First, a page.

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07 March 2012, 09:39

Android anti-virus software is frequently unreliable

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AVTest Graph
Zoom The absolute malware count for Android devices is rising rapidly. Much of this rise is, however, made up of variants of existing malware.
Source: AV-Test
With only seven products achieving a detection rate of 95% or more and 24 exhibiting detection rates below 65%, tests performed by AV-Test have shown that anti-virus software for Android is a long way from attaining the reliability of desktop anti-virus software.

Paralleling the explosion in anti-virus apps is the explosion in malware for Android smartphones. The spectrum includes online banking trojans, premium rate diallers and spyware. AV-Test tested the detection rates of 41 anti-virus applications for Android smartphones using a total of 618 items of malware.

Programs from established anti-virus software companies Avast, Dr. Web, F-Secure, Ikarus and Kaspersky detected over 95% of the malware samples, as did products from mobile platform specialists Lookout and Zoner. A further ten products detected more than 65% of the sample. But BullGuard, Commodo, G Data and McAfee, all familiar names from the desktop market, were amongst the products which detected less than two thirds of the malware tested. The testers were unable to identify any detection functionality in a total of six products, including Android Antivirus and Android Defender.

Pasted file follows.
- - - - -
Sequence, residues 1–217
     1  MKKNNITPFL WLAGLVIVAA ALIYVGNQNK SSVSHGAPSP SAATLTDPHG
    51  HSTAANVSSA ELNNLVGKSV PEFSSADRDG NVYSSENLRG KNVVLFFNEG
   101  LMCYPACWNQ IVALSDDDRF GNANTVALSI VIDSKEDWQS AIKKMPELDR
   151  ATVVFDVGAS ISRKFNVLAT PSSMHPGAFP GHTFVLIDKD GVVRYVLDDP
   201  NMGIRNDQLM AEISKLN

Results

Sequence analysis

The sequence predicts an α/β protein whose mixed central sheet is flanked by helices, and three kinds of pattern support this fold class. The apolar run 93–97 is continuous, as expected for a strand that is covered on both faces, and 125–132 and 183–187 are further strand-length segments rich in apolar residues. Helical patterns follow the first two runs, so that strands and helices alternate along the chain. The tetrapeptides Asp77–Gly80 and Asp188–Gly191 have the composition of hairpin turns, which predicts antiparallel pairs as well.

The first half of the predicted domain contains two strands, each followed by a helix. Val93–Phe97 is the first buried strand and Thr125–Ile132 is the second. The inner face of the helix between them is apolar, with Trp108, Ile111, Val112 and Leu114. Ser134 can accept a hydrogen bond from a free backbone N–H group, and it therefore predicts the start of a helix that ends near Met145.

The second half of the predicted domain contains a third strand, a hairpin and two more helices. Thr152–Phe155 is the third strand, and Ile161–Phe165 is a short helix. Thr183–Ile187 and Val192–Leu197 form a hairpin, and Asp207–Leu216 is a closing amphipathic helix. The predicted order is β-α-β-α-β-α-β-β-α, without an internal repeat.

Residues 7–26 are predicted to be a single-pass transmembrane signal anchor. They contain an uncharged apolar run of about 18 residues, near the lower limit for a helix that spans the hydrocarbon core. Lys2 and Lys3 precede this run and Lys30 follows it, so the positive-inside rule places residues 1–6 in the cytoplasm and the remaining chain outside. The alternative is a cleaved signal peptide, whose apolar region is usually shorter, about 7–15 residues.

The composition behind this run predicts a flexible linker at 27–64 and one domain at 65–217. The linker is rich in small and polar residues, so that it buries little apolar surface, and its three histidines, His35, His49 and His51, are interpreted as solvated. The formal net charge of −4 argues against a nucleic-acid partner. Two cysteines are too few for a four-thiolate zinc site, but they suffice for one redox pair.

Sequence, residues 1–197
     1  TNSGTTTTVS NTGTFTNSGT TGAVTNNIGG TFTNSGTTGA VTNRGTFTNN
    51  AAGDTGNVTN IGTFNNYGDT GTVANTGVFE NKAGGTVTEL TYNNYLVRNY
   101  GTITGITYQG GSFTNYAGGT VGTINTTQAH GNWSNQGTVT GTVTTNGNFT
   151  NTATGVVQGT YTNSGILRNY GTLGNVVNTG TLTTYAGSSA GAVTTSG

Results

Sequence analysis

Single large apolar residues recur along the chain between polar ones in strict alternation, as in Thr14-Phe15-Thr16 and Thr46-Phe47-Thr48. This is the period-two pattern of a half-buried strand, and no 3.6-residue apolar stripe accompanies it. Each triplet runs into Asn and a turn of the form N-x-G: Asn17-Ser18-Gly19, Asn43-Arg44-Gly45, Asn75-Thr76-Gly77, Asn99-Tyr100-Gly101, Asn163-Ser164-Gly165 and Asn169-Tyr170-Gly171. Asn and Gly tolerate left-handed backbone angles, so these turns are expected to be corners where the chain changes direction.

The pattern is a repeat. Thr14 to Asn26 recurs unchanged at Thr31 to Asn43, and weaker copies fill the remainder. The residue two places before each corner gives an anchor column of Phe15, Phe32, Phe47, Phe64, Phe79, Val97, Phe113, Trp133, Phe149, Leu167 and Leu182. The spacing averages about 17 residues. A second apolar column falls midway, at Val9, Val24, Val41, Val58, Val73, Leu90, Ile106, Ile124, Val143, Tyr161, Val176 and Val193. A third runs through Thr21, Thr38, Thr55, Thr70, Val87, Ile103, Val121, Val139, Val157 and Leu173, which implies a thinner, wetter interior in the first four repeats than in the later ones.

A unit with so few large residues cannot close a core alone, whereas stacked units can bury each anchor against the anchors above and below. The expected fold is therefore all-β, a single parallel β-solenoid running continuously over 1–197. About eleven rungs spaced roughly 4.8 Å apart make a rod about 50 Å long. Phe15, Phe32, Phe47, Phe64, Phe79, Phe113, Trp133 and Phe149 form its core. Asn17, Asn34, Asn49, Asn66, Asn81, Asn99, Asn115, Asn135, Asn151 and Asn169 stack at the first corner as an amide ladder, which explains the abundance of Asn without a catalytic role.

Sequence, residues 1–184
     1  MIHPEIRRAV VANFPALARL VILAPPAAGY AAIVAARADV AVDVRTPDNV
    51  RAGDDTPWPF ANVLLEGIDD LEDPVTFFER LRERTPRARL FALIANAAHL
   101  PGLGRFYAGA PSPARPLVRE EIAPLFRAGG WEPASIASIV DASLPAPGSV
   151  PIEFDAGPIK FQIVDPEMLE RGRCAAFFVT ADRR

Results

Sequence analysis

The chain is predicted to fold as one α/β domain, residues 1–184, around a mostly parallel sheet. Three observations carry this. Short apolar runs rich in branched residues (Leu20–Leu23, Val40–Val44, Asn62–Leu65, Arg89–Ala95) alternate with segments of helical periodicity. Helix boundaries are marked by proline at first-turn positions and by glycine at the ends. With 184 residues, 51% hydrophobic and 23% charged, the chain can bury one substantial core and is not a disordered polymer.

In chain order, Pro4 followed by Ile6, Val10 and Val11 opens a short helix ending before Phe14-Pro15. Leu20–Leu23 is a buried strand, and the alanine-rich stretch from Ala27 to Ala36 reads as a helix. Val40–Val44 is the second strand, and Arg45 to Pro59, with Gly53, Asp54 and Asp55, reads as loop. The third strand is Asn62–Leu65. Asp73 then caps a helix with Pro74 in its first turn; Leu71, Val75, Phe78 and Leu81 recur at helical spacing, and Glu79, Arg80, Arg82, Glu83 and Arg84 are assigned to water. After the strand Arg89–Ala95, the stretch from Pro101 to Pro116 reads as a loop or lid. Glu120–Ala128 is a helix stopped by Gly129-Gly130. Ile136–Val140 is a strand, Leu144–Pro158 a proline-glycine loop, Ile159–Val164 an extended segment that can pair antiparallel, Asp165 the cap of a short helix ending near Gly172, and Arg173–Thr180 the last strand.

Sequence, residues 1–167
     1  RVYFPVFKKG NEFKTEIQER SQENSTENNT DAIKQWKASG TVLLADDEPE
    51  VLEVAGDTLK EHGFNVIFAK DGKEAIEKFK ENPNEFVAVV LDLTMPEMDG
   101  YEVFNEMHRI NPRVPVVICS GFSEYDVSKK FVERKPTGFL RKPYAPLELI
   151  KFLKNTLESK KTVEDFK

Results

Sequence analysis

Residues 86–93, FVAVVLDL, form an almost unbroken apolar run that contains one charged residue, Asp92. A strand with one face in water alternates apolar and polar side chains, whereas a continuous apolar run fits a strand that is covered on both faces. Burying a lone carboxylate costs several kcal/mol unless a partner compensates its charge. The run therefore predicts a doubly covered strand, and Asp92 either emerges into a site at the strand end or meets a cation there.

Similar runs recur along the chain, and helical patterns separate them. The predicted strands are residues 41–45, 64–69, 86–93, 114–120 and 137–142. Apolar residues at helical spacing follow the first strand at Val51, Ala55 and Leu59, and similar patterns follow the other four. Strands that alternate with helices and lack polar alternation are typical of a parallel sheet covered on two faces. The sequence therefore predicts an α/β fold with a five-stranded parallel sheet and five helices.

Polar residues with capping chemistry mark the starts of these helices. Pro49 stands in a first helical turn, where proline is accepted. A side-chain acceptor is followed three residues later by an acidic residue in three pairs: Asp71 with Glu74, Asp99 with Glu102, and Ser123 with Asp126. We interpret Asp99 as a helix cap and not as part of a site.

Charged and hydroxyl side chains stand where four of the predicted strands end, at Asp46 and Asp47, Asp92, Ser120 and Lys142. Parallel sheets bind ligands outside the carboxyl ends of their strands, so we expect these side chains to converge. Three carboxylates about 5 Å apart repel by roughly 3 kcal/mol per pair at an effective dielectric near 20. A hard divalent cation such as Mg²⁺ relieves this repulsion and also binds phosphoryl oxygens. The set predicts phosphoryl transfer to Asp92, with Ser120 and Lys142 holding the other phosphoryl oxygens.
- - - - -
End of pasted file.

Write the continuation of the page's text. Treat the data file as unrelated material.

The significance of these tests does, however, need to be put into perspective. The 618 malware variants tested were derived from only 20 malware families, including Rooter, Opfake and FakeInst – the headline figure implies a diversity which simply isn't present. It would seem reasonable to assume that the nearly 12,000 samples of malware for Android in AV-Test's zoo are also derived from a far smaller set of malware families.

The anti-virus software tested detects malware primarily through the use of signatures. Users should not expect more sophisticated detection algorithms such as heuristics and behavioural detection. This limits them to protecting against known malware – they cannot hope to protect users against previously unknown malware for which no signatures are available.

Google itself uses heuristic techniques able to detect unknown malware to scan its app store. But with some recent trojans downloading the actual malicious payload from the web after installation, prophylactic detection at the app store level is almost impossible. The resulting hazard is a direct result of the fact that, in contrast to iOS, Android does not require executable code to be digitally signed.


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